POLICE Magazine

JUN 2019

Magazine for police and law enforcement

Issue link: https://policemag.epubxp.com/i/1129771

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Page 115 of 124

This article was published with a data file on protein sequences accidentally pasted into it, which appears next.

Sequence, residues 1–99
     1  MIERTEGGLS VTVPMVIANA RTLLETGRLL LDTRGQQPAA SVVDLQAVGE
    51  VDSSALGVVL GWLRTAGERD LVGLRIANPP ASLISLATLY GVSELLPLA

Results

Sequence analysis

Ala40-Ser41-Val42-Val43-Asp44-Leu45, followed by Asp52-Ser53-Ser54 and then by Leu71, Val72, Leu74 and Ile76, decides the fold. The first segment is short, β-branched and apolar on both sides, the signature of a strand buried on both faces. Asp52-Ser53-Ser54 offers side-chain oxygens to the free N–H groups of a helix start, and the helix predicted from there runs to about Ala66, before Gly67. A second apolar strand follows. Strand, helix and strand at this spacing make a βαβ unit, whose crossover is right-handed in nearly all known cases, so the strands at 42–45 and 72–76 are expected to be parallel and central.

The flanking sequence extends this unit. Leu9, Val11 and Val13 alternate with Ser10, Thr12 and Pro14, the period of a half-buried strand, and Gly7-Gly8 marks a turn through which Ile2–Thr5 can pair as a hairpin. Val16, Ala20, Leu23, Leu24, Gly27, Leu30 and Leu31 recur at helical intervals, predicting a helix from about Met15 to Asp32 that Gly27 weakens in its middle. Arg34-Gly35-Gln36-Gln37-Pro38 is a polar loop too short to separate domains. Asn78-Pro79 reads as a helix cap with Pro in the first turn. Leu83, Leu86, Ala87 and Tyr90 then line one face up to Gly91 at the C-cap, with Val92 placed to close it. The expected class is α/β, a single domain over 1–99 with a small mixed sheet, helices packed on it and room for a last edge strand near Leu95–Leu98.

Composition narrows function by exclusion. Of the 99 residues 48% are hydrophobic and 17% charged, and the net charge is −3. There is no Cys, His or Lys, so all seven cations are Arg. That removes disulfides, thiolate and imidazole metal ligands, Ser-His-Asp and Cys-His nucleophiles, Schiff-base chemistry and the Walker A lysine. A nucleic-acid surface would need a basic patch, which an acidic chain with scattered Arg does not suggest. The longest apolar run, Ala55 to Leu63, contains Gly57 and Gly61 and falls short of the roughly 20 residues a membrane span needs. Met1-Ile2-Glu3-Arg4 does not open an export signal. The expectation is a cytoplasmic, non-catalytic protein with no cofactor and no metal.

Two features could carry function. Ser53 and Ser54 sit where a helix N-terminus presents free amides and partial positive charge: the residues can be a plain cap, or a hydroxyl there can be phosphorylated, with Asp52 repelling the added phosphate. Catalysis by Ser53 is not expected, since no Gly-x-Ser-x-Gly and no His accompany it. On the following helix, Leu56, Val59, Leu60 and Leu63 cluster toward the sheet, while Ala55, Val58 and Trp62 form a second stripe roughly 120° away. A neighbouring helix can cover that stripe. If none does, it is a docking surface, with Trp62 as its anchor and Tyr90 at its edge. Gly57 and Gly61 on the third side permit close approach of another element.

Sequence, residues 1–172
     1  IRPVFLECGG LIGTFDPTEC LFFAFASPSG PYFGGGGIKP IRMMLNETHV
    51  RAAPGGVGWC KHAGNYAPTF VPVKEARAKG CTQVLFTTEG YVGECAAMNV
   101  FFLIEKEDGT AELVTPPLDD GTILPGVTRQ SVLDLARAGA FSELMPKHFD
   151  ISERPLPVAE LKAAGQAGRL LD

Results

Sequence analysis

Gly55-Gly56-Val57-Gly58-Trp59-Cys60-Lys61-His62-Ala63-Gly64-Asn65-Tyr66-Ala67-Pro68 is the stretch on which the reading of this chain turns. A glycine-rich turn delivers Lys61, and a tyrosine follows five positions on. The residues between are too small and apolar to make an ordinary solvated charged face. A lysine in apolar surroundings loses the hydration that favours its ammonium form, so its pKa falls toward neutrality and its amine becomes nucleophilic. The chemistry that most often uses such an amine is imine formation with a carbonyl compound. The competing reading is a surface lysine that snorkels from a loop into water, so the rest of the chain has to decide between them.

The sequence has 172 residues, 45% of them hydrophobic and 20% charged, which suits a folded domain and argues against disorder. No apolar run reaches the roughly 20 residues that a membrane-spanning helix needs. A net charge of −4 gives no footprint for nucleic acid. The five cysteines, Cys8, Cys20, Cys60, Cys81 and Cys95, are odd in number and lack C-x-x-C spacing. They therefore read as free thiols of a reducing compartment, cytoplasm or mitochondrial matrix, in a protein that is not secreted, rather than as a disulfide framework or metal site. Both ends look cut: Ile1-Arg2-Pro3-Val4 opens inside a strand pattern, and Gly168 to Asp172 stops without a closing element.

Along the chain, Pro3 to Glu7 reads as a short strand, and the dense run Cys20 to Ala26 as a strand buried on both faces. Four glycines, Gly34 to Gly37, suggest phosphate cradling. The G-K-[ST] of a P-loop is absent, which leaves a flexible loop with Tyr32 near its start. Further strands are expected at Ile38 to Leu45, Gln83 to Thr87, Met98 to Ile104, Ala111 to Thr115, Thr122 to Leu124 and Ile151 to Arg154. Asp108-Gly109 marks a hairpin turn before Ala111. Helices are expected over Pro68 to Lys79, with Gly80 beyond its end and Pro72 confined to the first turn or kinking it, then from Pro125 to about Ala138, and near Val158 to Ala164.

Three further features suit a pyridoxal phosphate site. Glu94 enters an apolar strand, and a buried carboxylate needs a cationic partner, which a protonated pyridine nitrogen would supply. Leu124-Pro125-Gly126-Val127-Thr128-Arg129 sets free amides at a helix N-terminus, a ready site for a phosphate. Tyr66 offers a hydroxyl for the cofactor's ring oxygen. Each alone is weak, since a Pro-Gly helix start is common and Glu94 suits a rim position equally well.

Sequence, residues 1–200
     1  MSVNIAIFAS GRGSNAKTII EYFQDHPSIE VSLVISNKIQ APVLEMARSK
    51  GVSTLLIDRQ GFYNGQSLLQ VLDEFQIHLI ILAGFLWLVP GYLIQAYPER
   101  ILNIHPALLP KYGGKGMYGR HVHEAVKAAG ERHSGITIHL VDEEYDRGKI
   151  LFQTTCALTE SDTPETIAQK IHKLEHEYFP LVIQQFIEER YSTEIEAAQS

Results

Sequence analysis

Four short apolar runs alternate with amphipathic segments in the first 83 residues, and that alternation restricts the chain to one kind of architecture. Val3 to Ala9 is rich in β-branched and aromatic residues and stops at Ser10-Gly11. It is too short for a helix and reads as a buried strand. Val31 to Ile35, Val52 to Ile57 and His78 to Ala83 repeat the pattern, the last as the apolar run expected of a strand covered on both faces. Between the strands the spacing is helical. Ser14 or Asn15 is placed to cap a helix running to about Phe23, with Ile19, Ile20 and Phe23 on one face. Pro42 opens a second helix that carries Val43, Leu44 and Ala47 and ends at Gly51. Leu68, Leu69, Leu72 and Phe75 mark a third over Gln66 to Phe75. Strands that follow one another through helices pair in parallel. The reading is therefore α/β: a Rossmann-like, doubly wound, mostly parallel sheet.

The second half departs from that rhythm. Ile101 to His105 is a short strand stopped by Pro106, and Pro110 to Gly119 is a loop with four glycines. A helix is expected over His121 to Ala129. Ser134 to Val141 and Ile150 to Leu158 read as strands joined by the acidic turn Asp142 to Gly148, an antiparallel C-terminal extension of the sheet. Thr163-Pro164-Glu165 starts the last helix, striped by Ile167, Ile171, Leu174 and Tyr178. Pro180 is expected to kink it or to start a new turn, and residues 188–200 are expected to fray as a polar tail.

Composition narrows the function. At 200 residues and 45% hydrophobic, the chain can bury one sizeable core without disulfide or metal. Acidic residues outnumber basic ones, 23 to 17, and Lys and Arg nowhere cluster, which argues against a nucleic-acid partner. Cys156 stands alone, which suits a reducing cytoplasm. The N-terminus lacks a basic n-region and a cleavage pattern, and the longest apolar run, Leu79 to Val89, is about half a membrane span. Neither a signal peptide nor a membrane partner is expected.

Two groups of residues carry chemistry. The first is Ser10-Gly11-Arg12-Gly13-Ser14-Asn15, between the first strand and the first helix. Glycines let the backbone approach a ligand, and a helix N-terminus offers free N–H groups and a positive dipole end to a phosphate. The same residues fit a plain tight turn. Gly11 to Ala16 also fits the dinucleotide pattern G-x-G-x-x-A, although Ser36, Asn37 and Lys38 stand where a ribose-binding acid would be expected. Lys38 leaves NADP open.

P O L I C E M AG .C O M 113 TRAIN TO WIN Bring the best in law enforcement training to your agency: (630) 399-1645 Winning is much more than surviving conflict. Be completely prepared for your challenges with our inspiring and world-renowned classes with Dave "JD Buck Savage" Smith, Sgt. Betsy Brantner Smith, Sgt. Nancy Dowdy & team. CLASSES: The Winning Mind The Winning Mind for Women Career & Officer Survival for Dispatchers The Winning Edge Developing Successful Staff Skills Leadership for Optimal Performance SALES@TSSI-OPS.COM | (877) 535-TSSI (8774) EQUIPMENT YOUR LIFE CAN DEPEND ON WWW.TSSI-OPS.COM 1989 COMPUTER AGE is article on "computer-assisted ag- ing" explains how a photo of a missing child could be electronically altered to create a more accurate portrayal of the child. But it wasn't like the age progres- sion photos used today. It was really more of a guide for sketch artists. With this technique created by Scott Barrow and Lewis Sadler, an old photo of the child was digitized and entered into a computer. en the computer measured 29 facial "landmarks" that were adjusted based on the child's "current" age and expected growth/ change in facial structure. Based on these changes, an artist would create a new rendering of the child. When pho- tos created using this technique were shared on a TV show one night in 1985, two sisters who had been abducted by their father in 1977 were found the next morning and their father was arrested. What's also interesting is that the ar- ticle begins with, "Carlina Renae White is still missing from Harlem, N.Y." But that's no longer the case thanks to new techniques. e woman who lived her life as Nejdra "Netty" Judy Nance af- ter being abducted from a hospital as a baby in 1987 solved her own kidnapping case at the age of 23. She found her bio- logical parents through online research that included reading news stories about her own kidnapping. en a DNA test confirmed that she was in fact the long-missing Carlina White.

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